Dear Brothers and Sisters in Christ,
The season of Easter continues for our family of faith. Springtime seems reluctant to appear but the promise of warmer temperatures, flowers blooming, and green grass growing is present. I am reminded of God’s promises even when they do not seem to come true on my personal time table! We are not in control and sometimes that bothers us. Spiritual discernment teaches us to trust the promise.
During April, we have listened in worship to the texts describing the stories of resurrection appearances by Jesus. We imagine the disciples hiding and huddled in fear. The disciples were fearful because the arrest and death of Jesus was horrible news. More importantly, they were fearful of being sought out by authorities. They were fearful because they too might be called to defend their faith, to die for the message that Jesus taught, preached and lived. Do you remember when your dreams were gone and expectations were dashed? The future was unknown without his leadership. Fear and uncertainty can bring discord. Who was going to be in charge? Jesus again and again repeated a greeting, “Peace be with you.”
The disciples like all of us tend to look to one leader to solve problems and be there for us. I often hear, “If we just got the right pastor this time!” Too often we want leaders to do just what we want them to do. Pastors and church leaders often face the tension inherent in a church’s mission and ministry by comforting the afflicted and afflicting the comfortable. Someone is always going to be complaining or unhappy. This is human nature and it is the church of Jesus Christ.
In the church we have learned that the strongest witness of faith is a team effort. We are not a social club of do-gooders. We are the Body of Christ and it should scare us and make us wonder if we are up the task. When the church is called to be Jesus in the world, humility is needed. We speak the truth in love. We remember our “Congregational Covenant.” We live our lives as wise people of faith ever expanding and elastic to the changes around us and to the foundations of faith we have built. We live with hope and courage. We live into what it means to be an Open and Affirming church. We face our fears and trust one another. We discern God’s will within committees. We revere individuals who seek to change what ceases to be life-giving in the church. We recognize all people need to be challenged to follow Jesus. We hope everyone feels empowered to focus on growth and goodness, inclusion and understanding. This means we all contribute to the health and well-being of the church with our commitment of time, talent, money and love. We do not look only to one person, even a pastor, to make us feel comfortable and certain. We work together moving toward a common purpose traveling on common ground.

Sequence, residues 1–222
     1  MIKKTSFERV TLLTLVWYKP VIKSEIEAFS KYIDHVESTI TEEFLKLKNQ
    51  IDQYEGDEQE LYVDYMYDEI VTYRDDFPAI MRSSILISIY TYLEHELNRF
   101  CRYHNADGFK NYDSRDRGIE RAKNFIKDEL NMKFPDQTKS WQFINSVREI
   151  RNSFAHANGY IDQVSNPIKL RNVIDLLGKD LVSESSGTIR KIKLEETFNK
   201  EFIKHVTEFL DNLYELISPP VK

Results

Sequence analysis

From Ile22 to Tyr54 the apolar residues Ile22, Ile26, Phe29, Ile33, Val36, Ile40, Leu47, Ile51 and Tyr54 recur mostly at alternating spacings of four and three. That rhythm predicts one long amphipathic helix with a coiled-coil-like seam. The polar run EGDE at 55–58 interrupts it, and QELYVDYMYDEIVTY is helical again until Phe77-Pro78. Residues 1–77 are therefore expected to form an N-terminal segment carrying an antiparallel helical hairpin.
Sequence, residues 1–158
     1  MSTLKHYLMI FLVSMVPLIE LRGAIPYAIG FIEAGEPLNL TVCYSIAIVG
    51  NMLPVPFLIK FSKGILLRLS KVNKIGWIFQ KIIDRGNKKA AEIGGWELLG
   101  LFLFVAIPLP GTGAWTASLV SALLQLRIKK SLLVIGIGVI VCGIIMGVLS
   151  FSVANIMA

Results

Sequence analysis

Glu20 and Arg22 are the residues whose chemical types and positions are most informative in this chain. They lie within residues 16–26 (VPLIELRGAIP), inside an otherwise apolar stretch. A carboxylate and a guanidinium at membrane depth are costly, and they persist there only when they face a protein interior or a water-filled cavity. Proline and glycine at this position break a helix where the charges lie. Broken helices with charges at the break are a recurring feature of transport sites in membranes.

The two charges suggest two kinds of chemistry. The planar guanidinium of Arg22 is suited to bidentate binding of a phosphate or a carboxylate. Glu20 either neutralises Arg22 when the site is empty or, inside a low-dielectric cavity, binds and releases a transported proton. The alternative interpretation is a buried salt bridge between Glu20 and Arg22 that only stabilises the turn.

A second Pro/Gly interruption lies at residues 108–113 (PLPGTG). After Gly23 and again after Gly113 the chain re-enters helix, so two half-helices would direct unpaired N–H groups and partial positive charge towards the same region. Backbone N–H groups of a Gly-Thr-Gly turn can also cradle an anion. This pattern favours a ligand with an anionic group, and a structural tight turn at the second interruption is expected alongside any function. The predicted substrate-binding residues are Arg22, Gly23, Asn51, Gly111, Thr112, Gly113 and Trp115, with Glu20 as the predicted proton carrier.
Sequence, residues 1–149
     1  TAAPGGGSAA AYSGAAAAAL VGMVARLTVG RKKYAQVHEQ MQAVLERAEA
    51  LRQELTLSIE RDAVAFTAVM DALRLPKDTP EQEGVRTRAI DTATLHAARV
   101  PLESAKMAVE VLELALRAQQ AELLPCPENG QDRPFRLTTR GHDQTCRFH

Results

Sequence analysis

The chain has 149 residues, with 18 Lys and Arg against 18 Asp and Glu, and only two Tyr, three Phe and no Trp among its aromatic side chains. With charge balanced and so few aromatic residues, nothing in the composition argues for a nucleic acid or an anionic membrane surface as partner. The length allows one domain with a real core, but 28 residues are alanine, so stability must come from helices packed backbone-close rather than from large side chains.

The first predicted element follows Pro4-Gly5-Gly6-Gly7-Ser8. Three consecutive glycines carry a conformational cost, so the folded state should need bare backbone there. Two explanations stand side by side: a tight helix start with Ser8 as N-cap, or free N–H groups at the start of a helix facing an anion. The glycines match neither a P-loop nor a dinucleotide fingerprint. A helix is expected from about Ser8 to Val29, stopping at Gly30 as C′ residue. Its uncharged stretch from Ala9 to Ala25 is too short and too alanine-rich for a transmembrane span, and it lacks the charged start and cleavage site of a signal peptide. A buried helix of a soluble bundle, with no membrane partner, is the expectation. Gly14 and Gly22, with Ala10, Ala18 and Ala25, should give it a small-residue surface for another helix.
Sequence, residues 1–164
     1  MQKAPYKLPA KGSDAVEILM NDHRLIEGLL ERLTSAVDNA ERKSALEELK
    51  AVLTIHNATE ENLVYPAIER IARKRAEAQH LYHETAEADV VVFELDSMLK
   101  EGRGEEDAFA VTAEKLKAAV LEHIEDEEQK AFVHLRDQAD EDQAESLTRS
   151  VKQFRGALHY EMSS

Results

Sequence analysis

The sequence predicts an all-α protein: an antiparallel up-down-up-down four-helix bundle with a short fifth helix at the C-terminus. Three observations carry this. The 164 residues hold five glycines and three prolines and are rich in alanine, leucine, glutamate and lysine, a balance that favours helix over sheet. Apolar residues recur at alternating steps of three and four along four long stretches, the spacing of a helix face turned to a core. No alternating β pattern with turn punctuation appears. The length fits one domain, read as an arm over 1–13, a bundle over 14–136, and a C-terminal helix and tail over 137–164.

Jesus came to change the world. Identifying the change that needs to take place is essential. To explore and articulate the purpose of our church can involve the tedious work of listening and learning. It is not always about action as much as being reflective and naming the concerns we share. After a consensus is reached, we move forward to developing ways to live with purpose. As a trained intentional interim serving in Walpole, I continue to seek what it is the church hopes to be in the future.
Our cultural and political landscape has brought us to our knees. We cannot avoid the discord all around us, hoping someone else will make things better. God is calling us out of hiding and out of our fears to trust God’s promises even when we think Spring should already be here!
God bless you and keep you, Pastor Christine